By Alleen Brown
By Maggie LaMaack
By CP Staff
By Jesse Marx
By Jesse Marx
By Maggie LaMaack
By Jake Rossen
Or when the singer from Moist (I don't remember them, either) is overemoting and Butt-Head comments, "I think that's the way they talk in, like, Wussylvania." To which Beavis responds, as only Beavis could, "Oh yeah. And I was, like, thinking he was from California." —Bridgette Reinsmoen
Dallas: The Complete Third Season
Warner Home Video
When I was a child, Dallas was forbidden fruit. The highlight of each Friday night was watching The Dukes of Hazzard. Then it was off to bed. My parents would not let me stay up late enough to catch the tawdry shenanigans of the Ewing clan.
So last month I set about rectifying this gap in my cultural knowledge. I purchased the complete third season. The show was reaching its cultural zenith then, culminating in the legendary "Who Shot J.R.?" episode.
What did I miss back in the day? Well, the theme song is tremendous, with its funky wah-wah guitar as the camera pans over downtown Dallas. Larry Hagman is also primo, channeling wickedness through his dog-kicker grin and drunkard's paunch. The season finale is executed to perfection: Pretty much everyone but J.R.'s mama has a motive to take him out.
But the show, especially in the concentrated form that DVDs allow, can be terribly dull. The true villains for the modern viewer are Bobby (Patrick Duffy) and Pam (Victoria Principal). Lacking the venality that makes Dallas tick, they engage in endless petty dramas. Will they ever have a baby? Will Pam locate her mother? Will Hagman please return and piss on their cowboy casual-wear?
I don't think I'm in for season four, due out next month. But then how will I ever find out: Who shot J.R.? —Paul Demko
The L Word: The Complete Second Season
This is a season in hell, a Sapphic Magnolia that's all meltdowns all the time. Poised in sleek suits, Bette (Jennifer Beals, with the world's saddest smile) separates from the lover she cheated on and her life goes from bad to worse. She loses her ex to a millionaire harpy, loses her job, and loses her cold, withholding father (a majestic Ossie Davis) to prostate cancer. Meanwhile, Shane, the flabbergastingly sexy fuck-and-run alpha chick, has her Don Juan persona pierced by the affections of Carmen (Sarah Shahi). And she comes to address her terror of intimacy in a dizzying Catholic-confessional scene: "Everybody I know wants to take something from me, and I don't have anything left to give." Set in a West Hollywood that's powdered in soft, honeyed light, Season 2 is unusually daring: This first mainstream lesbian TV show becomes a symphony of frailty and self-deception. Series creator Ilene Chaikin is shrewd about love as a state of grace to which sinning partners have to earn their way back. Their stumbles and wrong turns leave you harrowed, wrung-out, and grateful for the L-Worlders' 11th-hour victories over their own flawed natures. —Matthew Wilder
MI-5 is the British FBI. (MI-6, their CIA, is James Bond's agency.) MI-5 is the British 24, but with a conscience and consequences. Rife with crackerjack Le Carré plotting and with yet another of those dour dark-haired gents the Brits do so well (Matthew MacFadyen), this series got the chop treatment when it ran on A&E. These DVDs, then, give you the entire episodes for the first time. (Season 3, which started slowly but ended with the shocking onscreen death of a major character, comes out at the end of January.)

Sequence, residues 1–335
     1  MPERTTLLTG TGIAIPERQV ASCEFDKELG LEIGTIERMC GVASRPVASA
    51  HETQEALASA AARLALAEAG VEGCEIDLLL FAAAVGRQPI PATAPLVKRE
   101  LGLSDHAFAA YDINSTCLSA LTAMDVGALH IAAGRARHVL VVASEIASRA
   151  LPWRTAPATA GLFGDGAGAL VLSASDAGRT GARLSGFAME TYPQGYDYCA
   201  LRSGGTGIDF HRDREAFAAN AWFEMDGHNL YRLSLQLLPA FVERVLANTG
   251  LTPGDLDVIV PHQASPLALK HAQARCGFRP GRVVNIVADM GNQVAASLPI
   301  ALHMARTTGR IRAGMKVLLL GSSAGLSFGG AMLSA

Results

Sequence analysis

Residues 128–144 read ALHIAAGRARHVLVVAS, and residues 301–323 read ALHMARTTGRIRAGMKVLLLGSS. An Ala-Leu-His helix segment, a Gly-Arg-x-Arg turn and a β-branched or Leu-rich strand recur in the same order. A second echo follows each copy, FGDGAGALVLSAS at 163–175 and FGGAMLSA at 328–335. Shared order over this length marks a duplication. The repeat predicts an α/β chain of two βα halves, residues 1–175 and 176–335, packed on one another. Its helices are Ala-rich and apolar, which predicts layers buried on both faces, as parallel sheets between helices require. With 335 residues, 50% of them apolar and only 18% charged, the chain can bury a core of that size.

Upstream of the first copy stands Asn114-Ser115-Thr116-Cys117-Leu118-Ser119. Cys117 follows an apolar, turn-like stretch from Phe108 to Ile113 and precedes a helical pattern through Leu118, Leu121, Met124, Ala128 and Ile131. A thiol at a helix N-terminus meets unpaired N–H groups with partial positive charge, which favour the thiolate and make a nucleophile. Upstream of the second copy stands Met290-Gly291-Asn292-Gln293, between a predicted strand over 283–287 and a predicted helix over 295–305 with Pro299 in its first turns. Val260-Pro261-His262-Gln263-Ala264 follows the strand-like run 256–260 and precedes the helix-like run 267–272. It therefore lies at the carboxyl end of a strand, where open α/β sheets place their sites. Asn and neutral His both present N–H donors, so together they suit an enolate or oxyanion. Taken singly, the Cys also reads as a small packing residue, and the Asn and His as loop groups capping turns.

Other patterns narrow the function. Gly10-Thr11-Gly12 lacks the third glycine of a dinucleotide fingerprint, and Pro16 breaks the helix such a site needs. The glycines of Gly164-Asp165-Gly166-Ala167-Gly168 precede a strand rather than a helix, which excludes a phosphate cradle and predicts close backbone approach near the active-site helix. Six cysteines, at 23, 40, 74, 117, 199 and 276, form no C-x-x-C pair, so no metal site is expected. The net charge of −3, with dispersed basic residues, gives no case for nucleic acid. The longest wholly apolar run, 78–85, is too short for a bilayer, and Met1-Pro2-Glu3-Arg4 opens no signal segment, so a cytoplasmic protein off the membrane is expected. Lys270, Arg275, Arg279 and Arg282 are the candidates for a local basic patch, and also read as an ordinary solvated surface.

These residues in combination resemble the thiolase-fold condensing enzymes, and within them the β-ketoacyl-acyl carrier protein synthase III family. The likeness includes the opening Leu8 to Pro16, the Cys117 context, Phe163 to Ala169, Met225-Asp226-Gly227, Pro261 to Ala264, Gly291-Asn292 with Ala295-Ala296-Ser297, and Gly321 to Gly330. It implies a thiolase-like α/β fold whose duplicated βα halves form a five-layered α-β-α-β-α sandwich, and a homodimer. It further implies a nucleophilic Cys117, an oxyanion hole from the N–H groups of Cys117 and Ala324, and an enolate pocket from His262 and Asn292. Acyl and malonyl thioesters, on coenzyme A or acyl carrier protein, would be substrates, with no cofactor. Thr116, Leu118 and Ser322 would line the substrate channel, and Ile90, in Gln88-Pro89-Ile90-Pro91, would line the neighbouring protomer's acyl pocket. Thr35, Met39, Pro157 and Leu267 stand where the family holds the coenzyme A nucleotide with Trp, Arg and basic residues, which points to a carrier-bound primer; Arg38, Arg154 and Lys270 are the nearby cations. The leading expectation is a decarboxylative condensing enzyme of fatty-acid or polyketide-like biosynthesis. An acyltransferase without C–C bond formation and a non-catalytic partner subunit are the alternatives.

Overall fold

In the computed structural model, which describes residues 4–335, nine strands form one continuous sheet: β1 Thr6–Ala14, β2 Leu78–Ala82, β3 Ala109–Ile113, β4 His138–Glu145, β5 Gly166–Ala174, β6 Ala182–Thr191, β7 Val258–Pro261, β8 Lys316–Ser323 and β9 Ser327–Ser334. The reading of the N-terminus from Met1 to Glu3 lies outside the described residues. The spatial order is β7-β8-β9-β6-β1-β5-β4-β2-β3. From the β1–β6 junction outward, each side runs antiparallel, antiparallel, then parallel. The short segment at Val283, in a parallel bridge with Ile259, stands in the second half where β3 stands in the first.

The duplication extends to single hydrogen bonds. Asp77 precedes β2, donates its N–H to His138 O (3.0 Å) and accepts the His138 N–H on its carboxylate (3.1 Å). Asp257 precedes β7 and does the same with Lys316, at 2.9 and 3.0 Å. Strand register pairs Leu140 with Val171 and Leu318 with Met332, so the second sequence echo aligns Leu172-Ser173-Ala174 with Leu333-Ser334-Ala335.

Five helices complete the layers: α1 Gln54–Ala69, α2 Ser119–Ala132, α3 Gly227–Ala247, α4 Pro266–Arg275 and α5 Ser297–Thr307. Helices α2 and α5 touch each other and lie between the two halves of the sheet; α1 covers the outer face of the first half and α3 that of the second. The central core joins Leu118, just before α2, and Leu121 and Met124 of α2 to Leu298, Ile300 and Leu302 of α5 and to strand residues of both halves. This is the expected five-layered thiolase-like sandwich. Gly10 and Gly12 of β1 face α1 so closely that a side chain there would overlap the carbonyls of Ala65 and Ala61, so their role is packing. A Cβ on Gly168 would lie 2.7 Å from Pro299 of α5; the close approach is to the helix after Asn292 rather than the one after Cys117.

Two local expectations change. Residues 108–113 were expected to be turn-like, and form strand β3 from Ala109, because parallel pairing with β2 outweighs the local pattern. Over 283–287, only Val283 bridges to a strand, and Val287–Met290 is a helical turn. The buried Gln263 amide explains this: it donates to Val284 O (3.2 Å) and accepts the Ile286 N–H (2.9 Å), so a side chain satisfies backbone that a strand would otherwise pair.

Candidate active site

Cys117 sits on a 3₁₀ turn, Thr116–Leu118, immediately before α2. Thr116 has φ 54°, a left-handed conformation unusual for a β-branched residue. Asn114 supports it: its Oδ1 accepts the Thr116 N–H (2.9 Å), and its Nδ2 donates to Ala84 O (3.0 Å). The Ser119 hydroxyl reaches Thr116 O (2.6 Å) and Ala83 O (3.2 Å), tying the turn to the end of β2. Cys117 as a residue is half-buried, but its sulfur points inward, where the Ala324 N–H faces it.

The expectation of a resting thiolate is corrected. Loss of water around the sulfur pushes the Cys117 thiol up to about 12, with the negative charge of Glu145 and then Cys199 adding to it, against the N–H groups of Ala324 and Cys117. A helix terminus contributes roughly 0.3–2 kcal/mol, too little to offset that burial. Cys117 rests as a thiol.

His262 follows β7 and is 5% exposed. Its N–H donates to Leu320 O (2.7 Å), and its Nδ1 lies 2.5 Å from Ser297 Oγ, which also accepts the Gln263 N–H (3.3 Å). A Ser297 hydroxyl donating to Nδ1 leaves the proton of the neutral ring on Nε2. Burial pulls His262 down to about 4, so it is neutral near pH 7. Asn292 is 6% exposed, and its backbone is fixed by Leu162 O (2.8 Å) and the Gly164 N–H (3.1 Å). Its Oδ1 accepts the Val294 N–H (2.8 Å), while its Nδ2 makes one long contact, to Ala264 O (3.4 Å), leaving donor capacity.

Americans loom here as simple-minded forces of nature: "our cousins," hissed with resigned venom. And unlike the Cheneyesque 24, this show's politics are hard to parse. The themes are more ambitious, as the writers take up pro-life terrorism, anti-globalization activism, Kurdish separatism, and, of course, the IRA.
Watch for Hugh Laurie, now talking real Amurrican in House, M.D., chewing the drapes and looking far down his nose in a recurring cameo as supercilious MI-6 bigwig Jools Siviter. The regulars have a shorter life span: By the end of season three, not a single one of the first season's protagonists remains. —Jesse Berrett
Point Pleasant: The Complete Series
In my book, the only thing worse than teenybopper crap is "smart" teenybopper crap. And if anything puts my teeth on edge more than the winky smart-assery of Kevin Williamson, it's the painfully tongue-in-cheek universe of Joss Whedon. Here, Whedon protégé Marti Noxon and co-creator John McLaughlin spawn a diabolically high concept: The O.C. with Satan. Pert-nosed teen cutie Christina (Elisabeth Harnois) washes up on the shore of Point Pleasant, New Jersey, but as there are no cheese steaks or fat cops in sight, it looks a lot more like Laguna Beach to me. Once there, this half-devil-half-human desperado starts triggering nasty thoughts that would make the daffodils wither on Wisteria Lane. Supernatural pyrotechnics evoking late Chuck Norris vehicles begin to erupt. As in the Buffy/Firefly formula, the Pleasant creators tap all existing supplies of '80s genre kitsch while sending secret signals to the grown-ups in the audience: "We're really above this schlock!" The ickiest aspect of Pleasant is the by-now-rote fetishization of cheekbony WASP moms, washboard-ab hunks, and bitchy Denise Richards-esque queen bees. It's this slavish adulation of dumb rich kids, I will posit, that has led us to our current crummy world-historical fate. —Matthew Wilder